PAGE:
The banner of jazz has always been a vast one; what falls under it can vary from the steamboat groups of New Orleans, big bands, and spin-off bands that created bebop to virtuoso horn players to vocalists with smoky voices that tug at the heartstrings. Jazz has travelled so far that it can blur and shape into what is lazily described as World Music, and this is where we find the latest offering from multi-instrumentalist – although his chosen instrument is saxophone – Richard Davies.
His album, A Pagan Landscape, is more of an audio landscape inspired by the Cornish village of Trewellard, which was once home to tin mines and forgotten industries. Davies describes the album as an album about ghosts, and there is a haunting quality throughout that hints at the isolation of a forgotten place. The music itself is beautifully arranged, the sax is part of the music rather than used for wailing solos, and I think it benefits from this approach.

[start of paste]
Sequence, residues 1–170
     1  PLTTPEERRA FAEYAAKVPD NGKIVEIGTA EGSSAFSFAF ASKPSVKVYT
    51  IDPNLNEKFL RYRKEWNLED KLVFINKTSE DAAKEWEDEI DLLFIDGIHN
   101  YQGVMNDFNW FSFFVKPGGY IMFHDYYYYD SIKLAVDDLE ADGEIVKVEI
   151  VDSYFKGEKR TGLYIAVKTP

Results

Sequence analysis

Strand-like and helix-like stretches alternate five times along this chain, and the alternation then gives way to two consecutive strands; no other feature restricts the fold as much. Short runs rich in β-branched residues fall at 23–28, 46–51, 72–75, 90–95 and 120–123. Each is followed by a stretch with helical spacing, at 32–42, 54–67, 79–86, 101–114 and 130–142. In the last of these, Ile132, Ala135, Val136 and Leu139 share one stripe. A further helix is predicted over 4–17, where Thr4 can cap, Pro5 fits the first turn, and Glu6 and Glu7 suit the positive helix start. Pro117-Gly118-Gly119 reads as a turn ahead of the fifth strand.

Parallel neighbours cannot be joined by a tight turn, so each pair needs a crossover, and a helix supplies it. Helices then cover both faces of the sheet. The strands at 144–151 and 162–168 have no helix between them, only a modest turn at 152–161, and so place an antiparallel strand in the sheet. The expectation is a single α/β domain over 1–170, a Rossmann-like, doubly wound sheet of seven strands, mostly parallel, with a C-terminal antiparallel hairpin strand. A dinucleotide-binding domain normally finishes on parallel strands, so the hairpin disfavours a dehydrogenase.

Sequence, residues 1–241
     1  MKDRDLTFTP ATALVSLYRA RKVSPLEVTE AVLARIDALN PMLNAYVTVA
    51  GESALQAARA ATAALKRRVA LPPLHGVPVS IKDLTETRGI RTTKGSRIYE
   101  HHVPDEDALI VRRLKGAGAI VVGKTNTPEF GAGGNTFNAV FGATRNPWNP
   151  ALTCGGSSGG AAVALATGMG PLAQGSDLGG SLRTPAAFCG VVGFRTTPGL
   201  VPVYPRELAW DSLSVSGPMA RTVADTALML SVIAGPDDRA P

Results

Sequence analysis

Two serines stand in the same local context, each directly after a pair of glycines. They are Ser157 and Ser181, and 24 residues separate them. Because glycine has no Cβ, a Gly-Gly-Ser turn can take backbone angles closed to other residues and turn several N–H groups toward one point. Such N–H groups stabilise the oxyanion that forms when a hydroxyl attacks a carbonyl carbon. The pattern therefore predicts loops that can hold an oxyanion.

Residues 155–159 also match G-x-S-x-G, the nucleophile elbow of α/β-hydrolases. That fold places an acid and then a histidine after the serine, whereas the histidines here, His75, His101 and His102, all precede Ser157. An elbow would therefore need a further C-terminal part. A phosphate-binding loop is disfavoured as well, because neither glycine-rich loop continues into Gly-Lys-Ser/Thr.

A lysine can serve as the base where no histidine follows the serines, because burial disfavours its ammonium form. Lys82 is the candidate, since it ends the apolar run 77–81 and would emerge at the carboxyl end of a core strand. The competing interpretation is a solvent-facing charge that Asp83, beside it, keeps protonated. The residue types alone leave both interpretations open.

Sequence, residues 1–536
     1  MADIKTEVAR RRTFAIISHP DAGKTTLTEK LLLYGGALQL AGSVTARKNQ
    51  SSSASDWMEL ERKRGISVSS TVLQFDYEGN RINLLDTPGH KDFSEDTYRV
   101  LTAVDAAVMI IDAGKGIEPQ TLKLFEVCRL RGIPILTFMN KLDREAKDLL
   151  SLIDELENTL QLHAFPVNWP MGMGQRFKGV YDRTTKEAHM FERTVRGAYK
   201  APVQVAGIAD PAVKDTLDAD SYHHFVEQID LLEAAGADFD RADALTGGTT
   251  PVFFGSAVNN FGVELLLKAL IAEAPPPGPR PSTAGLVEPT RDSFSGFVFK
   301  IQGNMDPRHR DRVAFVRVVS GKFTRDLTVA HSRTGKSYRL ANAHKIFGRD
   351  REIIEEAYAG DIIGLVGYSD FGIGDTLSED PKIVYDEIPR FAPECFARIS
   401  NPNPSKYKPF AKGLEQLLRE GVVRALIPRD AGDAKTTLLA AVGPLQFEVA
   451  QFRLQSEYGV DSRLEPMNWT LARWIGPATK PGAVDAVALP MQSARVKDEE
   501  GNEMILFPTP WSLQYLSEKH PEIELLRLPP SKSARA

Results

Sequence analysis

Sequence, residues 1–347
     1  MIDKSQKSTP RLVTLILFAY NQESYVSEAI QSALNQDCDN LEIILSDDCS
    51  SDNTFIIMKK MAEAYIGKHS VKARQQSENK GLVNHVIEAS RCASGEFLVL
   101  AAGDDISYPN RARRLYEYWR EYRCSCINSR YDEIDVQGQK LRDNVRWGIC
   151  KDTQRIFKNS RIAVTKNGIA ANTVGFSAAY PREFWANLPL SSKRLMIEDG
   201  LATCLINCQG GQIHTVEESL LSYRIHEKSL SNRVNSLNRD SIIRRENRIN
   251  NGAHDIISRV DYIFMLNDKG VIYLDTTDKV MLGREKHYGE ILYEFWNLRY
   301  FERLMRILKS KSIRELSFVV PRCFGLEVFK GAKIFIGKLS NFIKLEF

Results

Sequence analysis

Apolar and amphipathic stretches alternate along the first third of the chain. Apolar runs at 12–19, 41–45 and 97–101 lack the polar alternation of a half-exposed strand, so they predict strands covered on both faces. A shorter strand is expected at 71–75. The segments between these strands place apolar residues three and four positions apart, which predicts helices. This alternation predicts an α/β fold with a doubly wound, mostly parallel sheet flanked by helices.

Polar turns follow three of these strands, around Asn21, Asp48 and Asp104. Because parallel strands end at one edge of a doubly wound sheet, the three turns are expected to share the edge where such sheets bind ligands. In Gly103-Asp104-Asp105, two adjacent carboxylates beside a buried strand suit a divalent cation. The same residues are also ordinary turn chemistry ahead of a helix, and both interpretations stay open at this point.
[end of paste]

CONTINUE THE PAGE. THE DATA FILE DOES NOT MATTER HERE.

Nordic sax player Jan Garbarek has been an inspiration in his playing, but I hear similarities to ‘Love Theme’ from the Blade Runner soundtrack by Vangelis in the echo and effects used on the instrument, particularly on ‘A Hollow House’.
It’s a trippy, eery exploration and drifts into electro music here and there, and although on the surface, it might feel as if not very much going on, it’s sensitively produced and is easy to fall into and lose yourself within its grasp. As an album, I really liked it. I’ve listened to it a couple of times, and the album seems to grow stronger with each listen; tracks such as ‘Carn Euny’, ‘The Ancients’ and ‘Pendeen to Trewellard’ keep me hooked, and music like this deserves more recognition.
If you demand horn players from your jazz, this might not be for you. This is more of a jazz/ambient hybrid that uses the sax as the missing piece to an already interesting landscape, but if you are intrigued by hearing what the instrument can do when accompanied by subtle percussion and dreamy synth, kick back, grab a drink and a dark evening and play this album because it’s quite unlike anything I’ve heard in a long time.